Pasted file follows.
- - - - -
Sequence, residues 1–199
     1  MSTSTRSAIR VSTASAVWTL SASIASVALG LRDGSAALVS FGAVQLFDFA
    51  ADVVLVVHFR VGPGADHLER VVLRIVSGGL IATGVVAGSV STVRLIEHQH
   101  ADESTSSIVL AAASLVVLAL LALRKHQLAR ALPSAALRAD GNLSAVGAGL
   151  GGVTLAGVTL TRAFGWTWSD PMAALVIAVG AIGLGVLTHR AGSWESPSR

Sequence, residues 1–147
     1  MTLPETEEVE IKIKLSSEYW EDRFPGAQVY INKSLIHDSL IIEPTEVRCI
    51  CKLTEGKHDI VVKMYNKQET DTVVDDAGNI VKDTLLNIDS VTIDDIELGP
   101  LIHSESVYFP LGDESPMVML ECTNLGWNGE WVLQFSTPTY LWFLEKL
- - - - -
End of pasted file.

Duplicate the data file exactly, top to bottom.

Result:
Sequence, residues 1–199
     1  MSTSTRSAIR VSTASAVWTL SASIASVALG LRDGSAALVS FGAVQLFDFA
    51  ADVVLVVHFR VGPGADHLER VVLRIVSGGL IATGVVAGSV STVRLIEHQH
   101  ADESTSSIVL AAASLVVLAL LALRKHQLAR ALPSAALRAD GNLSAVGAGL
   151  GGVTLAGVTL TRAFGWTWSD PMAALVIAVG AIGLGVLTHR AGSWESPSR

Sequence, residues 1–147
     1  MTLPETEEVE IKIKLSSEYW EDRFPGAQVY INKSLIHDSL IIEPTEVRCI
    51  CKLTEGKHDI VVKMYNKQET DTVVDDAGNI VKDTLLNIDS VTIDDIELGP
   101  LIHSESVYFP LGDESPMVML ECTNLGWNGE WVLQFSTPTY LWFLEKL